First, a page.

Members who participate in PRS e-groups are warned they face prosecution if they forward any e-mail or print more than one copy. The list of information blockages is almost endless and includes the removal of the single list of 110 chapter presidents.

What Has WPP Got to Gain?

We wonder what WPP CEO Martin Sorrell will think of Nall’s candidacy?

Why would WPP associate its name and that of its precious Ogilvy brand with a group that tramples on its own bylaws, Robert’s Rules, its own Code of Ethics and simple logic?

Gary McCormick (who had quit the 2006 board), took the 2010 chair partly to publicize HGTV. Rosanna Fiske, 2011 chair, is pursuing an “Hispanicize” agenda partly in behalf of Florida Int’l University, which is 65% Hispanic. She is on her fourth trip to the board and is the second PRS elected head from FIU (Debra Miller being the first in 1997).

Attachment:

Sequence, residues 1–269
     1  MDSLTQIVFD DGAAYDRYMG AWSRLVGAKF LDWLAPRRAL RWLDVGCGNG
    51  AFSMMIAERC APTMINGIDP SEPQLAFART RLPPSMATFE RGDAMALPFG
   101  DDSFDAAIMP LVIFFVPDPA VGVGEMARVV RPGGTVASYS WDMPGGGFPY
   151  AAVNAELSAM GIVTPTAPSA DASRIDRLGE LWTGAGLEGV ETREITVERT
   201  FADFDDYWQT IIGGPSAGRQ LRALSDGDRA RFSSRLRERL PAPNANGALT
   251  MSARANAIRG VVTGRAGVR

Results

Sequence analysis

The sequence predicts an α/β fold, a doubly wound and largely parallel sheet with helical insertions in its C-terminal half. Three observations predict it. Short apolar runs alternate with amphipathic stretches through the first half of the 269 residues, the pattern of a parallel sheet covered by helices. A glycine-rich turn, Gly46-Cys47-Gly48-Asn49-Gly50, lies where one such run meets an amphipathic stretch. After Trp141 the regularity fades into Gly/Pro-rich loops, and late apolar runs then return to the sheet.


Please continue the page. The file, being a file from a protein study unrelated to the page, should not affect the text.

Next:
WPP does not need any publicity that PRS could give it.

Ogilvy, which does about $300 million in PR via 65 worldwide offices (exact figures have been withheld for conglomerate units since 2001), is not only a leading PR brand of WPP but a leading advertising brand.

Hill & Knowton, Burson-Marsteller and the other PR brands of WPP grew 3.7% in 2010.

Sorrell’s publicly-owned company must adhere to strict financial accounting standards and practice full disclosure.

PRS for decades has flouted the FASB rule that demands that dues be booked over a year’s time as earned. This bloats its “net assets” figure.

I doubt Sorrell will approve of PRS blocking journalists from seeing the Society’s audit and quarterly reports and its refusal to answer questions about its finances.

McCormick, Fiske Were Disappointments